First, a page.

As they make their way through the crowd, Migs mentions that the terminal would be in the officer's mess but once he goes in, he recognizes his former commanding officer Valin Hess (Richard Brake of Batman Begins). He says they have to abort the mission but Mando says he can't or he'll lose the kid forever. He takes the data stick from Migs and goes to the terminal, gives Valin a reluctant salute as he passes. Even though he knows the terminal has to scan his face, Mando tries it with the helmet first but when it doesn't work, he takes the helmet off. You read that right. Mando takes his helmet off and we see recent EW cover star Pedro Pascal's beautiful face!

The Mandalorian
Credit: Lucasfilm Ltd.

The newly unhelmeted Mando gets the information he needs but before he can put his helmet on and go back to Migs, Valin Hess calls to him and tells him to pay attention when a superior addresses him. He asks what Mando's officer number is and, not so slick without his helmet, he stumbles over his response. Migs eventually comes in to rescue him, smoothly giving their numbers and saying Mando's a trifle deaf after an accident. Valin asks for Mando's name at a louder volume, but Migs says they call him Brown Eyes and makes an Office Space joke about filing TPS reports while trying to pull Brown Eyes away so they can escape. Valin says they aren't dismissed and asks them to get a celebratory drink since they are the only transport to deliver their shipment that day. 

Stuck having a drink with this man, Migs toasts to Operation Cinder and Valin is impressed he knows his history. Migs mentions he was in Burnin Konn, which was a battle that happened three months after the Battle of Endor as the last Imperial remnants wreaked havoc across the galaxy. Valin notes it was a hard day and that he had to make many unpleasant decisions but it's obvious that those unpleasant decisions fell much harder on Migs than they did him. The former Imperial sharpshooter notes that thousands died that day.  When Valin says they were all heroes of the Empire and that the sacrifice was for the greater good, Migs asks if it was really good for the people that died or their families. 

Valin notes with pleasure that the New Republic is in complete disarray and that these Imperial remnants will use the rhydonium to create havoc and that the people will one again turn to them for order. When they realize it's that and not freedom they want, they will welcome the Empire back with open arms. Showing an unexpected core of morality, Migs shoots Valin as he toasts to the Empire.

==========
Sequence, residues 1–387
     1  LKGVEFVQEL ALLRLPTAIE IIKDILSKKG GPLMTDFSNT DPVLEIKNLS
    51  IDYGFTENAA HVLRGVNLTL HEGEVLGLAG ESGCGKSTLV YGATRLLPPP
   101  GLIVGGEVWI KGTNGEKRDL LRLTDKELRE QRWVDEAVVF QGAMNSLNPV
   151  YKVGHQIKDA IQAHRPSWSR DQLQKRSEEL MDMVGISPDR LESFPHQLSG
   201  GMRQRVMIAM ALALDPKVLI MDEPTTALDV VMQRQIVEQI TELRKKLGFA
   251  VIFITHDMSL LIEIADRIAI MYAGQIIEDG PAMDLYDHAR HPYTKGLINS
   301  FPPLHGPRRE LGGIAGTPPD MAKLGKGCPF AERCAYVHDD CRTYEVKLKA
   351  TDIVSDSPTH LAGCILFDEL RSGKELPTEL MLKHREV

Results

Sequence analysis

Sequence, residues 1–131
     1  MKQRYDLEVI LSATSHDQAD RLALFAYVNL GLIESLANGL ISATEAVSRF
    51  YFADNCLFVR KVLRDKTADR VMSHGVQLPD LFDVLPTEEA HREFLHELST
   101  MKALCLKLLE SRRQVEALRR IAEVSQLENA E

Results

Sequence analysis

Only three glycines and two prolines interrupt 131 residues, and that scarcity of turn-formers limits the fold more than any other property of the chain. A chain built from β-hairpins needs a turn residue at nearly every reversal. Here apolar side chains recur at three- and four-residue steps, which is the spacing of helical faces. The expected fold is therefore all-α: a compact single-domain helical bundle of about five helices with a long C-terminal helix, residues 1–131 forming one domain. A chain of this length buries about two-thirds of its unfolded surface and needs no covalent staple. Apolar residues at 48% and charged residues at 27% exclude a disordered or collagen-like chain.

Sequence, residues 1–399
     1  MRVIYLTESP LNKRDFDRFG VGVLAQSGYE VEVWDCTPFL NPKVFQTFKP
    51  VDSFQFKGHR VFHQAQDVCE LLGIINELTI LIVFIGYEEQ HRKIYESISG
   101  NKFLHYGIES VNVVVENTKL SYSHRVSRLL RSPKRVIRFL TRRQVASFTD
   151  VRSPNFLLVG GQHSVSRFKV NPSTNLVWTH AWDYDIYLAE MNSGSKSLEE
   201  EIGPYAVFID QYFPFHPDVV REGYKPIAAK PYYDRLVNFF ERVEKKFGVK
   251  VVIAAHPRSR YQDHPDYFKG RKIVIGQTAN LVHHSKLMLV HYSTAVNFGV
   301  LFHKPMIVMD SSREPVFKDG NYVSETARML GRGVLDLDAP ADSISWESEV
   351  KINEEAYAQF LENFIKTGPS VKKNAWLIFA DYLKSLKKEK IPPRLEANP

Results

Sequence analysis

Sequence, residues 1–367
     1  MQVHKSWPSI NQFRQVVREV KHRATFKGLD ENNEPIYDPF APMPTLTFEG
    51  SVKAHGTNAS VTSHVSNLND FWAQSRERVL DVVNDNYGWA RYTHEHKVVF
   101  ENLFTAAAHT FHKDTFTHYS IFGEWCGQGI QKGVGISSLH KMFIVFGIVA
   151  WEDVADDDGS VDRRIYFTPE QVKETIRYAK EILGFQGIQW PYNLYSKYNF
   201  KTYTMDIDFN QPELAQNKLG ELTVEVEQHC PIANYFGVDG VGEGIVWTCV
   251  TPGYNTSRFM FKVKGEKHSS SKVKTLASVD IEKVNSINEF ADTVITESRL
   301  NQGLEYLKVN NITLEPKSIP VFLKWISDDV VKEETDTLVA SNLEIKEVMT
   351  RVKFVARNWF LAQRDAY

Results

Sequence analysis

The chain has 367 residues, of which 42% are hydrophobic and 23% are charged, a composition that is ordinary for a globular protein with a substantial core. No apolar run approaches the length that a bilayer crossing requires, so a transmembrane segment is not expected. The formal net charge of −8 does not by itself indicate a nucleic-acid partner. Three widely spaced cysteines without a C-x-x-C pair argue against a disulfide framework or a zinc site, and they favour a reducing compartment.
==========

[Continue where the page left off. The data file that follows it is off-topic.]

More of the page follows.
Since that obviously wasn't in the plan, he and Mando start shooting everyone else in the mess (who probably had families if we're bringing it up). Migs gives Mando his helmet back and tells him he never saw his face. They kick out the window and escape as Cara and Fennec cover them from their vantage point. A shootout ensues as Boba starts his run in the Slave I and rescues Mando and Migs from the roof. As they fly away, Migs takes aim at the volatile rhydonium transports and blows up the mining station. When Mando looks at him questioningly, Migs, recalling his earlier discussion with Mando, says they all need to sleep at night.

The Mandalorian
Giancarlo Esposito as Moff Gideon on 'The Mandalorian.'
| Credit: Lucasfilm Ltd.

TIE fighters are soon after them and we get to see what kind of firepower the Slave I has, which dispatches them in spectacular fashion. After landing to pick up Fennec and Cara, Migs guesses it's back to the scrap heap with him. Mando thanks him for helping and Cara compliments his shooting. After Migs says he was just getting some stuff off his chest, Cara mentions to Mando that it's too bad Migs didn't make it out alive. Confused as to whether this means she's going to shoot him or set him free, Migs asks if he can go and Cara confirms he's free and he takes off. She asks Mando if they got Moff Gideon's coordinates and what their next move is. 

On Gideon's ship, Mando sends him a holo. Warning him in his best mad dad fashion, Mando tells Gideon that he may think that he has some idea what he is in possession of with Grogu, but he doesn't really. He vows that his child will be back with him and that he means more to Mando than Gideon will ever know. And as we've seen in this episode, when Mando is truly desperate, there is no line he won't cross. 

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The Mandalorian

The live-action Star Wars series follows a lone Mandalorian gunfighter in the outer reaches of the galaxy.